Have you set up SMART marketing goals for your business?
SMART stands for Specific, Measurable, Attainable, Relevant and Time-Bound. SMART goals are possibly the most effective way of focusing attention and making things happen in your business.
When combined with inbound marketing principles, SMART goals are a sure way of delivering on ROI. They force you to think deliberately about your actions and how they relate to the results you're trying to achieve. SMART goals help banish delusion-driven marketing.
Let's explore why SMART marketing goals are so effective and why you need them.
SMART Marketing Goals Are:
- Specific - Goals must be written so that they are clear and refer to a particular part of the business. Instead of: “This year, we'll improve our online marketing,” consider how much more specific “By the end of Q2 2015, we will increase traffic to our website by 25%” is. When creating your SMART goal, be as concise and specific as possible. The more specific the goal, the more likely you are to achieve it.
- Measurable - Measurable goals can actually be quantified and, as a result, tracked. In the example above, increasing website traffic by 25% is measurable. You are able to identify the starting point (current website traffic) and whether you have reached the end result (current traffic + 25%).
- Attainable - SMART goals must be realistically attainable based on your existing skills, resources, and timeframe. If you received 500 visits to your company website last month, you can't reasonably expect to get 50,000 visits the next month. Similarly, if you've generated an average of 10 leads every month, jumping to 2,000 leads in one month is unlikely. Many businesses do this to push employees to "go as far as they possibly can." (Sound familiar?) In reality, all this does is discourage. SMART goals are goals you can actually achieve. They encourage success.
- Relevant - To be effective, SMART goals must be relevant to the business. If the goals focus on a result that the business can't handle, the goal is irrelevant. For example, if your current website can't handle more traffic, you may want to rethink your goal to increase web traffic by 25%. Perhaps the goal becomes needing to identify and implement a new website solution within the next three months.
- Time-based or Time-Bound - Goals must have a deadline or time frame by which they should be achieved. Without that specific deadline, the goal becomes a moving target and unlikely to be reached. If you are looking to increase your website traffic by 25%, how you reach that goal will differ depending on whether you intend to do so in 3 months or in 3 years.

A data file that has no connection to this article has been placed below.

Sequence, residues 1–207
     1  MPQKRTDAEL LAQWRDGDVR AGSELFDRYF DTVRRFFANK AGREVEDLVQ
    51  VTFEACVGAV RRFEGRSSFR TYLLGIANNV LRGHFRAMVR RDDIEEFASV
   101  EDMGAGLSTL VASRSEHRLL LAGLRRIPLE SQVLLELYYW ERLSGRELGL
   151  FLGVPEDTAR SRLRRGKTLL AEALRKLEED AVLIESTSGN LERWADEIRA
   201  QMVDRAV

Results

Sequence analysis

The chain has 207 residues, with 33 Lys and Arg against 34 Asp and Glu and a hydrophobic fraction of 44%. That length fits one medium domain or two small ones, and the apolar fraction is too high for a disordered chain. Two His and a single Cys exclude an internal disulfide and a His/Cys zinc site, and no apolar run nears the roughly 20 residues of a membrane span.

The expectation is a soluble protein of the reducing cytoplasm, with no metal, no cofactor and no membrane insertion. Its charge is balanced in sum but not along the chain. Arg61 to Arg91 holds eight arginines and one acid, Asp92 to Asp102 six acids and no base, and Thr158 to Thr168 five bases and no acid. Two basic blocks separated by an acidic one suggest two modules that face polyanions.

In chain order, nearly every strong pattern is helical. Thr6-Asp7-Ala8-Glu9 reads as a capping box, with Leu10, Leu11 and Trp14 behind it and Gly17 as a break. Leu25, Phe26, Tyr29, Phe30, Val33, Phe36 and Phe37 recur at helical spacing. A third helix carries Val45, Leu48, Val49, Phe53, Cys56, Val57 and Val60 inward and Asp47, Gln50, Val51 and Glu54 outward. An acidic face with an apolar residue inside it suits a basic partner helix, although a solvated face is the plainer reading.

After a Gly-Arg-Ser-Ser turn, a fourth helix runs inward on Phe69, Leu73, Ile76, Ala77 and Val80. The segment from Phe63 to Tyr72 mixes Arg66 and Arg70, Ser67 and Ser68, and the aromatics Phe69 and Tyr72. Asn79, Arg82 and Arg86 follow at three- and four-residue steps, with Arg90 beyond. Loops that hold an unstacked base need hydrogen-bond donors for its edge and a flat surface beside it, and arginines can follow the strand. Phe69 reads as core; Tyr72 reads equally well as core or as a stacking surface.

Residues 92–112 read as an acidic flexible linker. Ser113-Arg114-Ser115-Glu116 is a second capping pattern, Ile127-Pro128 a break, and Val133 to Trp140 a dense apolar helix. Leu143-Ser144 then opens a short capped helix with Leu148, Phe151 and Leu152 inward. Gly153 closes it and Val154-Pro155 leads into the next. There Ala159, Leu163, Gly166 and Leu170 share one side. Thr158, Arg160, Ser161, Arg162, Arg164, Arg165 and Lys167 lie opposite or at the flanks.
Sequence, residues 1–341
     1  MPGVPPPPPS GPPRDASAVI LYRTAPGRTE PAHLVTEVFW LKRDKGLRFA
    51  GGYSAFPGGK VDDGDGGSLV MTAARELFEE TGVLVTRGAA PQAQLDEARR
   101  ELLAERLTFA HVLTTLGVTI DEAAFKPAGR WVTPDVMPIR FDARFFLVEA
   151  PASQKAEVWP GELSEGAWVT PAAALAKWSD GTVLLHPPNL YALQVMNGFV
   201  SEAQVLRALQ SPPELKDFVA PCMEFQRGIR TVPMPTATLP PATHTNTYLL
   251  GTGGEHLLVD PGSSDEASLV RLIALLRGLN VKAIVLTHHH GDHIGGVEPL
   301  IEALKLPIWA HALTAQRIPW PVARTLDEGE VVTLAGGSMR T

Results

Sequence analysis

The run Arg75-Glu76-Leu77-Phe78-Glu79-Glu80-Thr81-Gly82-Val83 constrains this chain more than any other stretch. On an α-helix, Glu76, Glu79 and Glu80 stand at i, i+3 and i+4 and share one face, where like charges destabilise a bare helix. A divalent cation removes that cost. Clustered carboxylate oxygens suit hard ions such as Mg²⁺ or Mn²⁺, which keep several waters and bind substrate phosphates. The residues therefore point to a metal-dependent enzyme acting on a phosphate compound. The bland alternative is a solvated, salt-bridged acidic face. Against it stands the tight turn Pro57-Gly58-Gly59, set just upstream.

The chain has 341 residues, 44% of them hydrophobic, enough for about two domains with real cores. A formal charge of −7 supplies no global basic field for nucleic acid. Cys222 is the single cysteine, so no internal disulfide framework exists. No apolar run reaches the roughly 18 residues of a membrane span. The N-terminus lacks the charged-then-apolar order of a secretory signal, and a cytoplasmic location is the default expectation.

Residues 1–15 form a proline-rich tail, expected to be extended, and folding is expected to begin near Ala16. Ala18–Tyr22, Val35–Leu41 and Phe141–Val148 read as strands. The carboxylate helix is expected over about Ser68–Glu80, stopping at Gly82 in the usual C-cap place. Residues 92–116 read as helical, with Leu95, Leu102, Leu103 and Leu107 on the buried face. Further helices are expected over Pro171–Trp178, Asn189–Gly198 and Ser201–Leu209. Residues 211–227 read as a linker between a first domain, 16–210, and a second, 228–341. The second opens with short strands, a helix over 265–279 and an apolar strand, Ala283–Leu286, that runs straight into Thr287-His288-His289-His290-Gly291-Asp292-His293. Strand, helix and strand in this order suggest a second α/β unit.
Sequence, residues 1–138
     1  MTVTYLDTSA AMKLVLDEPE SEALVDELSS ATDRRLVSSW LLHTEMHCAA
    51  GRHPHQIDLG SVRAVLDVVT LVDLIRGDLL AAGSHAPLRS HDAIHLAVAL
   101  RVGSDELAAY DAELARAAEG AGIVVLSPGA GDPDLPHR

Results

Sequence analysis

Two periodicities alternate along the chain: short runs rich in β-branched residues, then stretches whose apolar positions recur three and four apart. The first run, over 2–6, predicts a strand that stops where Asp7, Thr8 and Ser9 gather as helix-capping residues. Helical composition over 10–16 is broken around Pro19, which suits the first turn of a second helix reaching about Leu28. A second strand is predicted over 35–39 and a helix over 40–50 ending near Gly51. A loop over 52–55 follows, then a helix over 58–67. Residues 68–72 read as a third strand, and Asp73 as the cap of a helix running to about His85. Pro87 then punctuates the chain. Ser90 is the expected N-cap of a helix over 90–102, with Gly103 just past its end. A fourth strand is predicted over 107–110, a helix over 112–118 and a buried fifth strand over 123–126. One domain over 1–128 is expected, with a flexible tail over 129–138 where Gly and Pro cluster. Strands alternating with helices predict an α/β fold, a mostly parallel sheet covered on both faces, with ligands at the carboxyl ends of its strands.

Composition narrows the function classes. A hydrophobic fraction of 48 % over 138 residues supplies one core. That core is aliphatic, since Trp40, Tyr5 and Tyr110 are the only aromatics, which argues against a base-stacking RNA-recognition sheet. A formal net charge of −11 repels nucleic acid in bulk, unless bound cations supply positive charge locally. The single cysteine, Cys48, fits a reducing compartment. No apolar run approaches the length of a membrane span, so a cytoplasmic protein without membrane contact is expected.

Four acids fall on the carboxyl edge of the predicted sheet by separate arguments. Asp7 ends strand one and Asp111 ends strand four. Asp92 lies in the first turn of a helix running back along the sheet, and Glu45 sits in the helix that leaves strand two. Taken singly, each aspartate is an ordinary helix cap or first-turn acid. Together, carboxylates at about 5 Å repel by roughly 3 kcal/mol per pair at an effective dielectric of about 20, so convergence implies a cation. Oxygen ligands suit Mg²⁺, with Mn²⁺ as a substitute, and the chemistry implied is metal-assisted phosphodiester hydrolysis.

How SMART Marketing Goals Relate to Inbound Marketing
SMART marketing goals matter more than ever given how much information we have to deal with on an ongoing basis. Rather than be distracted by the constant pace of change, non-stop emails and an ever-increasing wealth of data points available to track (think page visits, conversions, email stats, Facebook likes and boosts, etc.), why not embrace SMART marketing goals to stay focused and ensure that what needs to happen for the business actually happens!
Here's what I appreciate about the SMART marketing goals process:
- You can't help but get your hands dirty. If you're going to be specific, you have to think about what you've done, how that worked, what you want to do more of, etc.
- By thinking specifically and including measures, you consider past results. You analyze what worked. You consider the levers you have available to deliver on goals and how to make smart use of them. If you need to increase traffic by 25% within 3 months, you'll need to come up with a robust content plan and calendar to deliver on the goal.
- SMART goals force you to plan ahead. You begin with the end in mind and consider the various steps necessary to reach the end.
- You proactively thing about bundling activities into marketing campaigns (see Planning a Campaign? Try an Inbound Marketing Campaign!).
- You embrace a discipline of planning ahead and developing expectations for all of your marketing activities.
Yes, it can be difficult to figure out what to measure and how the measurements interrelate given all of the online data available to marketers. Proving ROI can be difficult and frustrating (see this study published in the SocialTimes last year).
That said, SMART marketing goals provide you with a process that gets you closer to doing so. With SMART goals, you'll be programmatic about what steps to take to realistically deliver results in the time frame you've identified.
Ready to give SMART marketing goals a try? Let me know how they worked for you.